1) I'd like to state exactly WHY functional programming is far easier parallelized, it's not because of immutability per-se, and immutability helps, but something slightly more subtle. C++ and other compilable languages get assembled into assembly instructions, that linear form is actually the problem. The instructions depend on instructions above other than the branch/jumps to find the final momentary code execution path. Functional languages on the other hand use LAMBDAS, which are self-contained packages of instructions which are independent of other lambdas. The ability for one lambda/anonymous function to not rely on the others in the program other than possible data dependency's is why you can run a lambda function independent of the processor. Thus a lambda function's instructions are at a coarse enough grain that they aren't tied together by a built-in per-CPU hardware program counter.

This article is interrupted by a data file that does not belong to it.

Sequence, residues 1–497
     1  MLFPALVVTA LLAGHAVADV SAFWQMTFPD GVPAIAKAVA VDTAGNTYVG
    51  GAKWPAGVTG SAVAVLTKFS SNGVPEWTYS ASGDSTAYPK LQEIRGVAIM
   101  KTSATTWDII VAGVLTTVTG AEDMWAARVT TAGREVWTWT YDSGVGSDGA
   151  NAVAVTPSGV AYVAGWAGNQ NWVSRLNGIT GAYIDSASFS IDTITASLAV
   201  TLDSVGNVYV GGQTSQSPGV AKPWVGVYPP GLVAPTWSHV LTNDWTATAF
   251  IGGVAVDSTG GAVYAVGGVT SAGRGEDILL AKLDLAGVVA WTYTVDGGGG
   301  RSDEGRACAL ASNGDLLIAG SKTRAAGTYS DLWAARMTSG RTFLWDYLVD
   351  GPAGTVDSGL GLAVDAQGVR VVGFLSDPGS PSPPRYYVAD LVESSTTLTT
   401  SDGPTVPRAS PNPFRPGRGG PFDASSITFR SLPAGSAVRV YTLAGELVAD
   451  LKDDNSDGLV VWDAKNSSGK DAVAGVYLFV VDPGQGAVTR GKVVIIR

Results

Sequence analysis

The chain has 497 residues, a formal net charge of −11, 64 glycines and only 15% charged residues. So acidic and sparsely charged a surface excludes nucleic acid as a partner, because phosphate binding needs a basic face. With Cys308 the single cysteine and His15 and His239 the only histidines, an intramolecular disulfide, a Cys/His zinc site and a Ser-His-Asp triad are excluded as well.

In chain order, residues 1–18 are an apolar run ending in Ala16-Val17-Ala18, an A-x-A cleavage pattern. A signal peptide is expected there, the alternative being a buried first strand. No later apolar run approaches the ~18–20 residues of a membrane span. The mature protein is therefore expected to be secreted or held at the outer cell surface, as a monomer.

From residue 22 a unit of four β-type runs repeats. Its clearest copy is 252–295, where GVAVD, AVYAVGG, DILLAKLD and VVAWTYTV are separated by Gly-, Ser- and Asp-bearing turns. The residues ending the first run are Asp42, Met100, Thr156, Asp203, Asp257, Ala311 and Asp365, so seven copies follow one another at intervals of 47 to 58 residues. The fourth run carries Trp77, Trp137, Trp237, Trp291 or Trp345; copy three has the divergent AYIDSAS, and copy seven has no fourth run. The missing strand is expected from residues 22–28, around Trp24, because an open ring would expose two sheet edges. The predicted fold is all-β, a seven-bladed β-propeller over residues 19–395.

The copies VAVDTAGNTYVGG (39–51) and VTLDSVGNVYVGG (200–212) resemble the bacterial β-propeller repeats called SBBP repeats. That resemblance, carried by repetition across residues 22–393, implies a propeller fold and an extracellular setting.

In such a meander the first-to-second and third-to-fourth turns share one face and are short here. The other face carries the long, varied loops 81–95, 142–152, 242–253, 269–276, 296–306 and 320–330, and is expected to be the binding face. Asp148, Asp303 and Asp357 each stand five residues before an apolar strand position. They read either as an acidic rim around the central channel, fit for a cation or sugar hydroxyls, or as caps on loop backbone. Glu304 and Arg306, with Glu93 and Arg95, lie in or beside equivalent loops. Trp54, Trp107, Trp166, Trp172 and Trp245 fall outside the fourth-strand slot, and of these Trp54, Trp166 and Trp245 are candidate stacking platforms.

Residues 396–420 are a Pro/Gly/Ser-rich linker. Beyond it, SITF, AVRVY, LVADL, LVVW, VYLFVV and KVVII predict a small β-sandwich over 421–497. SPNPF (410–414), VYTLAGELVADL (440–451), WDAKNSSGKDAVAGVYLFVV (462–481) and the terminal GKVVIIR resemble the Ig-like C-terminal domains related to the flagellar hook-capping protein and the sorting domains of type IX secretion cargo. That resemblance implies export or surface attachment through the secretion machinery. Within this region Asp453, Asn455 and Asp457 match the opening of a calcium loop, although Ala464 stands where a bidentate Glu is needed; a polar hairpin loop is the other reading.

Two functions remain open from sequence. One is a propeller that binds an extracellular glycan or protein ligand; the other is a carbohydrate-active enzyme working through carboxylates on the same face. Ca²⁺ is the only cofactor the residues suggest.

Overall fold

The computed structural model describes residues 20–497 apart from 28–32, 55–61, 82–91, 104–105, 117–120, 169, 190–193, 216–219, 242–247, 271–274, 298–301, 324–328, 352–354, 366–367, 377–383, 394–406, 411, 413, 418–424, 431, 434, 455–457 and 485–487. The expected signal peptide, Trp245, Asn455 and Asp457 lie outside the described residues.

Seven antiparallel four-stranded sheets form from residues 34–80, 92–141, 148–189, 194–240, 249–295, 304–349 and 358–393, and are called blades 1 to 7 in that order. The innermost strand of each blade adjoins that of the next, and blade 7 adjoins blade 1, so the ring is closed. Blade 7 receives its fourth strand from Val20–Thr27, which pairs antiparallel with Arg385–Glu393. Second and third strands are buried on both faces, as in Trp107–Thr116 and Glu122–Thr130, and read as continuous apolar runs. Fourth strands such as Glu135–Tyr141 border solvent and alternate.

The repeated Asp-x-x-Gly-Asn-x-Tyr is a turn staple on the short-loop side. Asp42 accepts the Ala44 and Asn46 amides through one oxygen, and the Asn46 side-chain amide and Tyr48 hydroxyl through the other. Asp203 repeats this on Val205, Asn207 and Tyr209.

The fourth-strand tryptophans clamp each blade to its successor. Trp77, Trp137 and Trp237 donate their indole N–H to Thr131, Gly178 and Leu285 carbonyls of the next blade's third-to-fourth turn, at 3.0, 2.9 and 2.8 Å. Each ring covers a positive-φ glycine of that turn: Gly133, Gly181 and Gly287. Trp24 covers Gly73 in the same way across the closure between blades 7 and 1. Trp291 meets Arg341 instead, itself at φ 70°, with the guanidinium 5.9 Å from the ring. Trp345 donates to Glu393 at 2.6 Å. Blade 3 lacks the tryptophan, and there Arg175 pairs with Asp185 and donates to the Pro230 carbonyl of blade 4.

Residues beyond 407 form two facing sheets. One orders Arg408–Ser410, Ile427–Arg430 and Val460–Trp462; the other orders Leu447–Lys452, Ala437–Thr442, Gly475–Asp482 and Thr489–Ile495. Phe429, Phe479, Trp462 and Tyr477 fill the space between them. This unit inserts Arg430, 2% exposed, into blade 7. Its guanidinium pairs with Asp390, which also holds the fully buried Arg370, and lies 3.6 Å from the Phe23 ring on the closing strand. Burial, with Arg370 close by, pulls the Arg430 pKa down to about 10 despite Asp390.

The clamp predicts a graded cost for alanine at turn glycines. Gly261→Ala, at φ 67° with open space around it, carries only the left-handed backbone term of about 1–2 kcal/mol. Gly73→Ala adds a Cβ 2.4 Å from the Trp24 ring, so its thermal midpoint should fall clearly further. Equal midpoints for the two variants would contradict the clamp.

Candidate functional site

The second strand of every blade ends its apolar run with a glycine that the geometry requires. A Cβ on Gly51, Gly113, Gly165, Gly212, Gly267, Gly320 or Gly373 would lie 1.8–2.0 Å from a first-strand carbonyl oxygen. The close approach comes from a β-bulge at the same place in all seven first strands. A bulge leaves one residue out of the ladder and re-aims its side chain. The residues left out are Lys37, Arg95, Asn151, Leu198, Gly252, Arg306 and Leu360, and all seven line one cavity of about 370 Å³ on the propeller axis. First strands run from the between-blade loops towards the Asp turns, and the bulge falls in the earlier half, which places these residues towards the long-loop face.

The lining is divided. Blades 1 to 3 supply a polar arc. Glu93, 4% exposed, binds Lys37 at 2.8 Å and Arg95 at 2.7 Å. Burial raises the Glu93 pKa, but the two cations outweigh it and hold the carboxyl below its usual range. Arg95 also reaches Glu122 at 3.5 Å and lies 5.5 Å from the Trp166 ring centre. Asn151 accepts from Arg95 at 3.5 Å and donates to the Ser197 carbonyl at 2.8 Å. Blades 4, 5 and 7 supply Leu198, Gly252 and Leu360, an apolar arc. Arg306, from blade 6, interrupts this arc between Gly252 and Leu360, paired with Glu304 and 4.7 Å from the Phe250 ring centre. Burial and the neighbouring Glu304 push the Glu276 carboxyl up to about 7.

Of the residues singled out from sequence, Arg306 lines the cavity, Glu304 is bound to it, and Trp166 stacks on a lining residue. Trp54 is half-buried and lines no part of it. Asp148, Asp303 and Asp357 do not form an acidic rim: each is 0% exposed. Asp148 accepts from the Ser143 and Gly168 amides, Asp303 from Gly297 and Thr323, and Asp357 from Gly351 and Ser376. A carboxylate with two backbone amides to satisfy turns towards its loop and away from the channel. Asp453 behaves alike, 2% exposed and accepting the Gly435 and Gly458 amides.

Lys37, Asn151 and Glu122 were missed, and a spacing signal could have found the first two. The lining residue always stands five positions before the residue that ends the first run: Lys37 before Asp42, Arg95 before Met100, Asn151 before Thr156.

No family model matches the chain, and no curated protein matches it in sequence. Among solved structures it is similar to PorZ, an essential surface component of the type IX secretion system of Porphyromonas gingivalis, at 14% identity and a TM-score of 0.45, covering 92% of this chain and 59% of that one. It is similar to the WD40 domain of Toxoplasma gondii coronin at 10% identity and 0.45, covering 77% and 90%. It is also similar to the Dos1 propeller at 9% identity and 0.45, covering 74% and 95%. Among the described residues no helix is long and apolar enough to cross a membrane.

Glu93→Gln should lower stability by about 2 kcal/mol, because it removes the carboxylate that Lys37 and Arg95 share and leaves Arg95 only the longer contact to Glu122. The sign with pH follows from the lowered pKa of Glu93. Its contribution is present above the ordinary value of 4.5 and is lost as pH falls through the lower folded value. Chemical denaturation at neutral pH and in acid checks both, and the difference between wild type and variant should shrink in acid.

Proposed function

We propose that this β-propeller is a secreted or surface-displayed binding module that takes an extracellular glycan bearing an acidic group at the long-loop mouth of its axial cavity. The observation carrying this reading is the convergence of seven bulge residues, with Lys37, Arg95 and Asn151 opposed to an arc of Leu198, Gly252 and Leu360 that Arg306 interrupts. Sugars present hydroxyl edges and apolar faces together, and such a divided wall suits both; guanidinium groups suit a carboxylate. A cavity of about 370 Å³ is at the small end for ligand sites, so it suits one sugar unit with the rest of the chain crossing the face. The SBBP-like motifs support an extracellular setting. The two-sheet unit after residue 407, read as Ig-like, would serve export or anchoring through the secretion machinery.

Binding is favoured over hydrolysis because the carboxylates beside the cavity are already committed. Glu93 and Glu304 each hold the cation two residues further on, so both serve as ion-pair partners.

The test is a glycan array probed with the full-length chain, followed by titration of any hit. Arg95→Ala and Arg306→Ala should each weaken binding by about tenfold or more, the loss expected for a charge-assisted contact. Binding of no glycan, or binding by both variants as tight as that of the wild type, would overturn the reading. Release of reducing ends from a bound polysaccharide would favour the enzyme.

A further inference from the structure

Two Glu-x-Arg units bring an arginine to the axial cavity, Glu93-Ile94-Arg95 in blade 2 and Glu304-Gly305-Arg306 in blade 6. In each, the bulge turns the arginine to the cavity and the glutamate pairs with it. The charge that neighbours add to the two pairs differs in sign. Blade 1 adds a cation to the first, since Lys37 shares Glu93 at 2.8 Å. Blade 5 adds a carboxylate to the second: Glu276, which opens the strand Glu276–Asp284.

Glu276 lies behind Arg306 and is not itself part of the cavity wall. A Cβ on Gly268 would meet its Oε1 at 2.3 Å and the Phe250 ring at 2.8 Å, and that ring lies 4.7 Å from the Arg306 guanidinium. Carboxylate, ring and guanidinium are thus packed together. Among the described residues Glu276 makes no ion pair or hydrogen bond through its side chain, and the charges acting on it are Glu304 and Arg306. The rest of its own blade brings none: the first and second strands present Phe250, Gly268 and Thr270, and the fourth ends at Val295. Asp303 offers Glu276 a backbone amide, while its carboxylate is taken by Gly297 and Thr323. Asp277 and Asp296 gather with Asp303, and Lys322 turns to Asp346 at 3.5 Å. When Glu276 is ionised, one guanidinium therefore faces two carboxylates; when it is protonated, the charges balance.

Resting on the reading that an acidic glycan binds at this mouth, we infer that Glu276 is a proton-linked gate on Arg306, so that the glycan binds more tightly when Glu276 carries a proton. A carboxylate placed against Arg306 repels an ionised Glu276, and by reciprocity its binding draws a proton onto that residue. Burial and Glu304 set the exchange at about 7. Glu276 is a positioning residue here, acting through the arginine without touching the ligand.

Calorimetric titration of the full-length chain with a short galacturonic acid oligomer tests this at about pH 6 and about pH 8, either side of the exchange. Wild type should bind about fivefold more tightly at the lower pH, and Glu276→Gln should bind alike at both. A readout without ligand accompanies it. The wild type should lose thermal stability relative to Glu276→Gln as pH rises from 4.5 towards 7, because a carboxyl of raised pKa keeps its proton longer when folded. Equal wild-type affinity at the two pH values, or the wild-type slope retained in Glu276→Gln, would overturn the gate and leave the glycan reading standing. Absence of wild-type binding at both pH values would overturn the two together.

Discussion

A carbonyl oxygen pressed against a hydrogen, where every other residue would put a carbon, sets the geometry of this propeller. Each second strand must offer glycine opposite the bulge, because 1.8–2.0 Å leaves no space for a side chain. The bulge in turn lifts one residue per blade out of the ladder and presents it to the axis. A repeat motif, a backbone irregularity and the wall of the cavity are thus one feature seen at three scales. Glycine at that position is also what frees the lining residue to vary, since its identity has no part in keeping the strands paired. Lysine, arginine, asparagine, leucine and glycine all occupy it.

2) The other thing I've not understood is WHY today we are limited to a single main function!!! To me, if code entry execution point and exit points could be refrenced or indexed like a fucntion table at the beginning of the file, the binary could/should be able to run different functions at the same time, instead of the one large main which must start at one point in code/binary and end at specified exit/exception points. This is an alternate way in my head I've been wondering could be a different approach to the "thread".